- Distance Today 5.9 mi
- Distance Camino 2017 394.6 mi
It didn’t rain today as forecasted, but was a chilly 50F, clear with high clouds giving great visibility, mostly blocking the sun and creating near ideal photo conditions. And there was a constant flow of some pilgrims and lots of tourists.
Our walk today was a real challenge even though we covered less than 6 miles. Our reward for the challenging climb was increasingly spectacular scenery with the increasing altitude.
The 1 mile walk from Ruitelán to Herrerías,
started at an elevation of 2200 ft and was pretty level, perhaps a slight incline toward the end of town.
We stopped for a quick breakfast, not knowing how long before our next stop.
The two mile walk from Herrerías to La Faba started out with a short section of road which began to climb the mountain as the gap between the mountainsides was only wide enough for the shrinking stream at the bottom.
We then left the road onto a nice path through the woods which without warning made a sharp turn and became a steep, rocky path with switchbacks taking us up at least 800 ft to 3000 ft elevation.
When we reached La Faba we stopped at the first bar for a tasty concoction of orange and beet juice. And a much needed break. We also met a nice couple who lived in Calgary and he had attended WVa University. They are walking to Santiago (from SJPDP also) but when they finish, plan to return a week or so later to Sarria and walk the 100 km Camino with friends.
We continued on for another 1.5 miles to Laguna climbing another 800 ft to an altitude of 3800 ft. We stopped there for another break and chocolate cake and a drink.
The next 1.5 miles to O Cebreiro, we climbed another 400 ft to an altitude of around 4200 ft. and our destination for the day and the beginning of the Camino into the region of Galacia.
For us, today’s climb was similar in elevation to the Pyrenees but tougher in our judgement because of the more difficult walking surfaces.
O Cebreiro is the Camino’s first official Galician town, a welcoming mountaintop village that retains its historic character. The albergue here is the first of many run by the Xunta, the governing body of Galicia. They are mostly purpose-built modern buildings or renovated schoolhouses with good facilities but a somewhat sterile atmosphere.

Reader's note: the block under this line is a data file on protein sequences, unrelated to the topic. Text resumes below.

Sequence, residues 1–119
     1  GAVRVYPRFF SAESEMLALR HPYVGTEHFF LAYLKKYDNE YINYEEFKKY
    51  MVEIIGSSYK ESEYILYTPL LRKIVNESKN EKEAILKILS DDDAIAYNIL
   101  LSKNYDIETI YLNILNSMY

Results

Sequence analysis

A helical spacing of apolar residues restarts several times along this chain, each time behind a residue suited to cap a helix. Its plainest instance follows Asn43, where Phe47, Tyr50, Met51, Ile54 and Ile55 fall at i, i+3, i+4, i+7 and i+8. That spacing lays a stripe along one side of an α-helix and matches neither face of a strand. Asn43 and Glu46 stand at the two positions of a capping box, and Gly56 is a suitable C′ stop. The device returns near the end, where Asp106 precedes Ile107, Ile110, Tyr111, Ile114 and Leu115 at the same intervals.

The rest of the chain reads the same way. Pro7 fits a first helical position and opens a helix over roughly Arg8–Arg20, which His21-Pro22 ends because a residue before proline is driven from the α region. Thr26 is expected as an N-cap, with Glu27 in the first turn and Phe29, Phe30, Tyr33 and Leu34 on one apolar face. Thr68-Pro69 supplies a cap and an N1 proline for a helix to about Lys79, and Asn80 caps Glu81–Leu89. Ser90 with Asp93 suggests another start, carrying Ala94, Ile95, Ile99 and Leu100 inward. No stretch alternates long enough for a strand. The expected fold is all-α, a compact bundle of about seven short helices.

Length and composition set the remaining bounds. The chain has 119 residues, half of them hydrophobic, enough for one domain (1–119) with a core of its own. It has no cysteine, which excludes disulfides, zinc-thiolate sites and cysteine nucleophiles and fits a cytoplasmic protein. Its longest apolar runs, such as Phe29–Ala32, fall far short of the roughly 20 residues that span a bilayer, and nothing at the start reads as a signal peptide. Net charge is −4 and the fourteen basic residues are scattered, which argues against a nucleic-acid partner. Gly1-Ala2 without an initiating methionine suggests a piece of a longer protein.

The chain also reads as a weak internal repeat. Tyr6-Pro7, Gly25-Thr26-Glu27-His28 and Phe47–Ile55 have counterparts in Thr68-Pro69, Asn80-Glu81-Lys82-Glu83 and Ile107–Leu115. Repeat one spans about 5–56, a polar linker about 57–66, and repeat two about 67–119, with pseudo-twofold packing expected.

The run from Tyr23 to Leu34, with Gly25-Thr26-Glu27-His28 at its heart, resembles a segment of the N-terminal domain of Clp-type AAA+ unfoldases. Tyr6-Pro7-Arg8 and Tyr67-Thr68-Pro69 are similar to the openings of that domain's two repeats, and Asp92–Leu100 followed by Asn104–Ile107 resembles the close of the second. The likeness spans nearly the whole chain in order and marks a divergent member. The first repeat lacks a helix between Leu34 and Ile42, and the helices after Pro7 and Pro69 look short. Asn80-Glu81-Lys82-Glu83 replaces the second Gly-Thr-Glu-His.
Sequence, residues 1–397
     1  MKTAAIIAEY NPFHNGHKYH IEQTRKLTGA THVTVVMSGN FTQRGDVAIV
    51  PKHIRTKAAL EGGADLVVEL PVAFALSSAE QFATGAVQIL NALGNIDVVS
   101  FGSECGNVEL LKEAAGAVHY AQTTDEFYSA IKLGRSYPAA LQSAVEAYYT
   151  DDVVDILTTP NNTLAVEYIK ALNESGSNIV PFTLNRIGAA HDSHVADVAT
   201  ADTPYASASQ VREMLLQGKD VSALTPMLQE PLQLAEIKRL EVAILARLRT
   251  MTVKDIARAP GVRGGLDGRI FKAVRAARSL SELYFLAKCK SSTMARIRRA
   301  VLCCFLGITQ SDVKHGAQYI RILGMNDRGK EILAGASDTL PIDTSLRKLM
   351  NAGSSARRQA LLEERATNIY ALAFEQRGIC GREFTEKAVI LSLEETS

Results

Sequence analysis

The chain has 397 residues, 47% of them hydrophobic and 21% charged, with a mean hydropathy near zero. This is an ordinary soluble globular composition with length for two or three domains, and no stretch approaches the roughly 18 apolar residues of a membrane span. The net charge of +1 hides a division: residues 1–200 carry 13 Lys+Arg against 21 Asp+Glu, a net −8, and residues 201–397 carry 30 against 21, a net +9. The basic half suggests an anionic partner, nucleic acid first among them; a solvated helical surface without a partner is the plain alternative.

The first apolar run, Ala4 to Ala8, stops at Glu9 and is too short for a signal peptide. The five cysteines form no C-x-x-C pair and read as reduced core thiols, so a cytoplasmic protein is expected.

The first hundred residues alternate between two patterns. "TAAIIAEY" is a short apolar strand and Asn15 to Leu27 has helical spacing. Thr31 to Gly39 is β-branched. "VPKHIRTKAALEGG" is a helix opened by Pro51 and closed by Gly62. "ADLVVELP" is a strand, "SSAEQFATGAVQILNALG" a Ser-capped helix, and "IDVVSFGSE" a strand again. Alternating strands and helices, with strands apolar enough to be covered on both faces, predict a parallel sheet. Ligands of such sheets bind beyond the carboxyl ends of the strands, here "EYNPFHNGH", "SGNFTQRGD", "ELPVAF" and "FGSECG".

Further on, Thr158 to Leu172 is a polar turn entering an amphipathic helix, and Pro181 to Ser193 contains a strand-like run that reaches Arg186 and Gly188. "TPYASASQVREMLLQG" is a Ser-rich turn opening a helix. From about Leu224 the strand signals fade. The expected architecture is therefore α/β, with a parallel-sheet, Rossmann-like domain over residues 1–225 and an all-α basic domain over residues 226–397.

O Cebreiro bears evidence of occupation since ancient times, including a Roman way station that guarded the road to the Galician mines. The town grew to greater prominence with the pilgrim road.
Iglesia de Santa María la Real is a reconstruction of the medieval church that was destroyed in the early 19th century. In the reconstruction, traces of a pre-Romanesque church were found. The baptismal font, virgin and chalice reliquary are from the medieval church.
Local tradition says that the Holy Grail (the chalice from which Jesus drank wine at the Last Supper) was hidden away in O Cebreiro. In the year 1300, a faithful parishioner trudged through a snowstorm to receive communion at the O Cebreiro church. The priest mocked the man for going to such trouble for just a bit of bread and wine. At that moment, the elements miraculously transformed into real flesh and blood. The virgin, still on display in the church, was said to have moved her head to have a better look. The event was later declared an official miracle by Pope Innocent VIII. When Queen Isabel passed through 200 years later she donated an ornate reliquary for the remains. The Galician coat of arms incorporates the chalice and host as central symbols.
O Cebreiro is interesting but crowded with pilgrims and tourists and souvenir shops & vendors. It seemed to be missing some of the more tempered Camino ambiance and spirit we have experienced up to now.
We stayed at the Casa VentaCelta (45€) which was ok, but we were disappointed in the cold, curt and not-helpful attitude of the bar and hotel staff, very uncharacteristic for our experiences of the previous 53 days of our Camino 2017.